Round one in the Hulk Hogan/Gawker sex tape trial goes to the wrestler: A Florida jury found decisively in his favor, and says the website owes him at least $115 million in damages.
The jury will likely increase the award next week, when it plans to announce punitive damages in the case, which stems from Gawker’s 2012 publication of an excerpt of a sex tape featuring Hogan.
This is the worst-case scenario that Gawker Media owner Nick Denton had sketched out last summer, when the case was first supposed to go to trial.
Denton and his legal team have said, over and over, that they assumed they would lose the first round of the privacy case, and would then have to appeal it.
But they were hoping that damages would be much less than the $100 million that Terry Bollea — the wrestler who performs as Hogan — was seeking. Gawker had previously tried to settle the case with Hogan’s team by offering a payout of several million dollars.
The prospect of a giant award was one of the reasons Denton sold a stake in his company to Columbus Nova Technology Partners earlier this year — the first time he has ever taken outside investment.
Here’s Denton’s comment, sent via a PR rep, which echoed a comment Gawker had sent out this afternoon, before the verdict came in: “Given key evidence and the most important witness were both improperly withheld from this jury, we all knew the appeals court will need to resolve the case. I want to thank our lawyers for their outstanding work and am confident that we would have prevailed at trial if we had been allowed to present the full case to the jury. That’s why we feel very positive about the appeal that we have already begun preparing, as we expect to win this case ultimately.”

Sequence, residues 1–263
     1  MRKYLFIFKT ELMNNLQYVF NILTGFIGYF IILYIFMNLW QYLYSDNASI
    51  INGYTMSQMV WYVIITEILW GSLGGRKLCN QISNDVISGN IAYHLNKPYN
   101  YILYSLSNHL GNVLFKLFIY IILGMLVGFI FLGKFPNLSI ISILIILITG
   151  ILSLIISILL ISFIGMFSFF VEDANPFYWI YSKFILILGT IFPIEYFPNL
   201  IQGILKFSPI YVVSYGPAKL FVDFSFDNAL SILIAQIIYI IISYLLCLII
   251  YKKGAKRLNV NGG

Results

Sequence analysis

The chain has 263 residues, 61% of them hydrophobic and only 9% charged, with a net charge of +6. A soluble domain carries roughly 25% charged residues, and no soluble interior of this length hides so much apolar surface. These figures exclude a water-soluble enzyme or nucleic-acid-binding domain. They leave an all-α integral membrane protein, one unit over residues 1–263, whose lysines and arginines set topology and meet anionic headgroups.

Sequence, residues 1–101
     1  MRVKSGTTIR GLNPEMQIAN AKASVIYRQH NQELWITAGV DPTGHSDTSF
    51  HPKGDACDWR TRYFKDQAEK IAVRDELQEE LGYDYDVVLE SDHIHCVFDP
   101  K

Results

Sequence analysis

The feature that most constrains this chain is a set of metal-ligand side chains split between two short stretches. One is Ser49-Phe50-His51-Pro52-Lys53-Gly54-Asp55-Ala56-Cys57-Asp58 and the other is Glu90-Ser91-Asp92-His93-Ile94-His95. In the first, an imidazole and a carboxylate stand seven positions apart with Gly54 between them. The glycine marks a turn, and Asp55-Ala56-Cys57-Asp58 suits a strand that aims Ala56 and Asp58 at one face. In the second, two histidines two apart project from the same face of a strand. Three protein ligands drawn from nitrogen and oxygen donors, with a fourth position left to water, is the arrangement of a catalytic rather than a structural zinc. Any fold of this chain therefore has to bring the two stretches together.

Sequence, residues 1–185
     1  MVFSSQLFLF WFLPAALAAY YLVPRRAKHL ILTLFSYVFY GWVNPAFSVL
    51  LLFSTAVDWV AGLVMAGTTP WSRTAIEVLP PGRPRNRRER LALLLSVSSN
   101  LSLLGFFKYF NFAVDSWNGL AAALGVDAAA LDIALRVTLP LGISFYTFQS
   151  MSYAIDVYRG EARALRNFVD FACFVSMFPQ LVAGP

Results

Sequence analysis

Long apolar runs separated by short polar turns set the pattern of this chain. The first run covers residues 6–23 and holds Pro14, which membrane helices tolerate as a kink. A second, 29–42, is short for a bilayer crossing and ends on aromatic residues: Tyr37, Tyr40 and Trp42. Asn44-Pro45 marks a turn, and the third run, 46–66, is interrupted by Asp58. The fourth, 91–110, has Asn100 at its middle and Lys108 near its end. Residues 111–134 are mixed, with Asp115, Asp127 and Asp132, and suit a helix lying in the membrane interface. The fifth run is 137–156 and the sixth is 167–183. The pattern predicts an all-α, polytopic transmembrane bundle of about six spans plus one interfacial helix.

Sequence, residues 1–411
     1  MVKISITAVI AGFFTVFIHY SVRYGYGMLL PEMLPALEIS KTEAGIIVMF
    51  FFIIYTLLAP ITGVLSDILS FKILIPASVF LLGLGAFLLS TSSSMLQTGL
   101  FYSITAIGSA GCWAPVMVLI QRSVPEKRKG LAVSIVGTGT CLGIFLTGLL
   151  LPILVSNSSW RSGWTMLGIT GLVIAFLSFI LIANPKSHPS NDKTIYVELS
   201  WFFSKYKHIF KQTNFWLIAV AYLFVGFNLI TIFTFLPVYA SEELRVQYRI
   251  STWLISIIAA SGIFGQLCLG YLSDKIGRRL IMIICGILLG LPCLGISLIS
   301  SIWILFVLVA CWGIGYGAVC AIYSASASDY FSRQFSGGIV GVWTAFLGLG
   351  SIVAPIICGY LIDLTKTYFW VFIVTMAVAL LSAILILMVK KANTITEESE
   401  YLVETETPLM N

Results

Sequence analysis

The case itself is relatively straightforward: Gawker Media has argued that it had the right to show a video of Hogan having sex with Heather Cole, who at the time of the taping was married to radio broadcaster Bubba “The Love Sponge” Clem, because the video itself was newsworthy and Hogan was a public figure.
And Hogan’s legal team has argued that showing the tape had no journalistic value and invaded his privacy.
That’s also a good summary of the meta conversation surrounding the trial: In an age when anyone with access to the Internet is a publisher, how do you balance the right to free speech with the right of privacy?
Throughout the week, there’s also been a private conversation going on among media types who were following the case closely and talking about it in person and in Slack rooms. Some worried about the effects of a verdict against Gawker, and others expressed more than a little schadenfreude about the prospect of seeing Denton and the site slapped down.
This article originally appeared on Recode.net.